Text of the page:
I would be lying if I didn’t say that the following may be somewhat pessimistic. It may even sound not unlike the rantings of a youth. However how can one be certain of an idea without first testing it?
From my dealings with the devoted (religious, alternative medicine and secular rejecters of science alike) I understand that the implied answer to my question above is not universal. That said…
We often hear of our power; that is our consumer power, our political power, our people power – all of which we sway with our wallets, our ballot forms and our numbers in turn. But what truth is there in it?
I suspect, not a lot.
Take firstly the political power. Democracy is clearly a failing process under the weight of interest dollars. In the US and to a lesser extent Australia and elsewhere, a successful candidate requires funding and such funding does not come from the general voter, but the wealthy. Funding a successful campaign thus leaves a candidate on some level owing to the funders.
This would seem to be the reason for the main parties of such countries tending to the right, without significant difference between them apart from extreme or central right objectives. The voter is frustrated that the political will simply does not speak for them.
Within Australia, it has been widely discussed, with contempt, how Gina Rinehart and fellows successfully undermined the mining tax, to ensure they did not return more to the commonwealth from their exploits of common resources.
How does the individual have political power where the candidates do not speak truly for them?
With consumer power, the situation is even more convoluted, due to the “middleman”. We are told that, if we do not like a product or agree with the company’s ethics, we would simply not buy the product.
Yet, in reality, we simply do not know where our money goes. With multi-national conglomerates, we may be deciding between two products ultimately owned by the same body, say Unilever.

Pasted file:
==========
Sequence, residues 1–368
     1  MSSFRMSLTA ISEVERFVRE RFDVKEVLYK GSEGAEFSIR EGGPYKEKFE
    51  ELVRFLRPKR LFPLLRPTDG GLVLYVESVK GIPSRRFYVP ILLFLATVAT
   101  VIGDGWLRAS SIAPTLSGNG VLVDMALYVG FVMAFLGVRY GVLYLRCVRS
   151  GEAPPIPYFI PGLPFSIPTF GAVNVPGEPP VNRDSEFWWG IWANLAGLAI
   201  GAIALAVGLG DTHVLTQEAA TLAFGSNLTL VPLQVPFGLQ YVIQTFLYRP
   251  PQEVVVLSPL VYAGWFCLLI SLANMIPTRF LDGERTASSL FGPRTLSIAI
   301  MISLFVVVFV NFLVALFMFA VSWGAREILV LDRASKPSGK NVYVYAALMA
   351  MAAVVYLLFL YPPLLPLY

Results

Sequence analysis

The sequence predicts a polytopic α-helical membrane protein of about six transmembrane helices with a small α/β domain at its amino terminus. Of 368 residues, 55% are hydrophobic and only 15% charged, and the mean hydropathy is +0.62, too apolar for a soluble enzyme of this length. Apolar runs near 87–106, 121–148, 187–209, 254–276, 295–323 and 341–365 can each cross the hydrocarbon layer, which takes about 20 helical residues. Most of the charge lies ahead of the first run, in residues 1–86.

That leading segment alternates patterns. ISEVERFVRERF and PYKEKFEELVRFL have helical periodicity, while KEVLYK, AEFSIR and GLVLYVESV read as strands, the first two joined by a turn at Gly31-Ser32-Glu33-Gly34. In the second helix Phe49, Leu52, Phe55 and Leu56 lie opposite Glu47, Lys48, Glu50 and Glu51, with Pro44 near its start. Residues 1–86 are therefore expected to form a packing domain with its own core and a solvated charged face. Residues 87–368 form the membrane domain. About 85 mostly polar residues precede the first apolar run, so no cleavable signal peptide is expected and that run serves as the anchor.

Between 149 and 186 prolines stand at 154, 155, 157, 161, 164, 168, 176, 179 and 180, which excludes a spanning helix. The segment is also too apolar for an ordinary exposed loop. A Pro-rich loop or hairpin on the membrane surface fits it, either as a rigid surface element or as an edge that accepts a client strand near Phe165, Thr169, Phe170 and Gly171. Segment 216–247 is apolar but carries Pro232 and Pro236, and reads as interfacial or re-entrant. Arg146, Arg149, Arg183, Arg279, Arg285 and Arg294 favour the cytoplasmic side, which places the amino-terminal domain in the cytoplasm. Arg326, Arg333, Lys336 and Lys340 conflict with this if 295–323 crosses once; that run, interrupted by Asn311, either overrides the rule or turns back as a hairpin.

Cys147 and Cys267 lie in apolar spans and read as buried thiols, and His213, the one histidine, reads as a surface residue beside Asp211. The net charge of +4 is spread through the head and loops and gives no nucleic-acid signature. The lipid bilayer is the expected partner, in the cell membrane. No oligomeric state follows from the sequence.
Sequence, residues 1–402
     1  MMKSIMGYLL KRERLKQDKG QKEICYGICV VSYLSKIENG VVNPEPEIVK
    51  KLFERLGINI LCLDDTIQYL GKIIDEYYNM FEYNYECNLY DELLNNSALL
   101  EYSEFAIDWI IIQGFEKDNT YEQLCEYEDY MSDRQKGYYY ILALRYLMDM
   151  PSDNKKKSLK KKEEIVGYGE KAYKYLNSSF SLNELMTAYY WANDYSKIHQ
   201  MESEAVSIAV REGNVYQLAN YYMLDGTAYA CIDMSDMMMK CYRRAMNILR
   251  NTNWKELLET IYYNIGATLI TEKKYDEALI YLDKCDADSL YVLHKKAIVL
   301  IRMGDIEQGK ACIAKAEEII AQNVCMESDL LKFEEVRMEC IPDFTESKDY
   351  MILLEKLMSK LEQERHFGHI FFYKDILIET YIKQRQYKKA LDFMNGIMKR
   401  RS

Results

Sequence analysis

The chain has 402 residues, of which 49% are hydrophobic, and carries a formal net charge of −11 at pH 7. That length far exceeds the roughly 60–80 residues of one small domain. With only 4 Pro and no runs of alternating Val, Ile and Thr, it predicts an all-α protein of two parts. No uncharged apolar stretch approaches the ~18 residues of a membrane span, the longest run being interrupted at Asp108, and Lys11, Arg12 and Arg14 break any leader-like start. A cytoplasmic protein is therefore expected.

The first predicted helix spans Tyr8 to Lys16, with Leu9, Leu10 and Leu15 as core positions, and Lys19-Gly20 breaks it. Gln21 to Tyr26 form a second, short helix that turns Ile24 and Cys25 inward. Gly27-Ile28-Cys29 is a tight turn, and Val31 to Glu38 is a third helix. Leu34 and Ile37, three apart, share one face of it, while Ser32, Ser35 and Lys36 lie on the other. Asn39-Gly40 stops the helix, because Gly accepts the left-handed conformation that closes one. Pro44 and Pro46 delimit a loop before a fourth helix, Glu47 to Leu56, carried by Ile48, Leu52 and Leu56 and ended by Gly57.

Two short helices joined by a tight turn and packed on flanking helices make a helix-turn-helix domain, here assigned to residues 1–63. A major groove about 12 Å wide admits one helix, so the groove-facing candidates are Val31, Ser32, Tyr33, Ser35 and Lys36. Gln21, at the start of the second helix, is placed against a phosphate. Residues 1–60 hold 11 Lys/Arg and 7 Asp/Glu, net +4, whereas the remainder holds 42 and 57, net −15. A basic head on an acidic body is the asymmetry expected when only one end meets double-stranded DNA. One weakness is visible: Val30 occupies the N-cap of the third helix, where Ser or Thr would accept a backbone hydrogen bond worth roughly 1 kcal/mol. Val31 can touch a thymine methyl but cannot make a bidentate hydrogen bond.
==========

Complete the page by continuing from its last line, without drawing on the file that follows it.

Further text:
Moreover, of the wealth generated from the product; production lines continually upgrade to automate the process as much as possible; where possible, the primary resources are sourced from third world producers whom accept lower returns. This all reduces overheads and in turn maximises company profits and shareholder returns. Yet the consumer is unaware of this erosion of local jobs and wealth creation, largely at their long-term expense.
How does the individual have consumer power where they are kept ignorant of movement of their money?
What did the Occupy Movement achieve? Sleepless nights, I imagine, for the activists. Some air time to a serious problem (growing inequality), for a short time, for certain.
How many of these people involved have now returned to their lives in which, as consumers and voters, they continue to support, unwittingly, the very cause of their unrest? Effectively most, if not all of them.
Wherever middle class suburbia has not grabbed hold, people tend to spend less time at home. This is largely in the poorer communities around the world today and most places prior to the industrial revolution.
These people work harder than most of us can even imagine and when they are not working, they sleep. On the chance opportunity they do neither, they se friends and family. The reason being that their homes are basic and uninteresting, lucky to have many dividing walls. While we visualise it completely different, the reality is that the vast majority of humanity have always been born into and died within the slums.
The wealthy individual today has become something else.
The home in which we live is designed almost exclusively for mental masturbation. The “disposable” technology and furniture all provide us with an oasis of mindless entertainment in which we sit for countless hours, even at the expense of interacting with those whom we claim to love most dearly. Each individual plugged into a different device, paying for additional channels, internet access or the newest game at not only a financial expense, but a social one as well.
In short, we have been made into money trees, fertilised in a bed of mind-numbing stupidity, completely separated from our direct environment, peers and community.
How does the individual form part of a meaningful movement of minds where we are forever working, if we are unlucky or embedded within an environment perpetually distracted if not?
I opened this by highlighting the possibility that my recent thoughts have left me pessimistic and that may be the cause for such reflection. However, I’m unconvinced of this because I simply cannot see where, in a modern affluent democratic country, the genuine rights and capacity for change exist for the individual. We choose to live, just like everyone else or not and the latter option isn’t a real option in itself.
In this, I conclude I have found reason for the eventual submission of all individuals. It becomes easier to enjoy the stimuli of ones little plot and bloom and fruit into yet another money tree for harvest.
However, I personally find it increasingly distasteful, if not shameful to the individual and am forced to lament. I do so not from restlessness, but a lingering hope that there is something uniquely noble and valuable within our species that we have yet to acquire and all I find in its absence is mediocre sentiment and foolish, ego-centric amusement.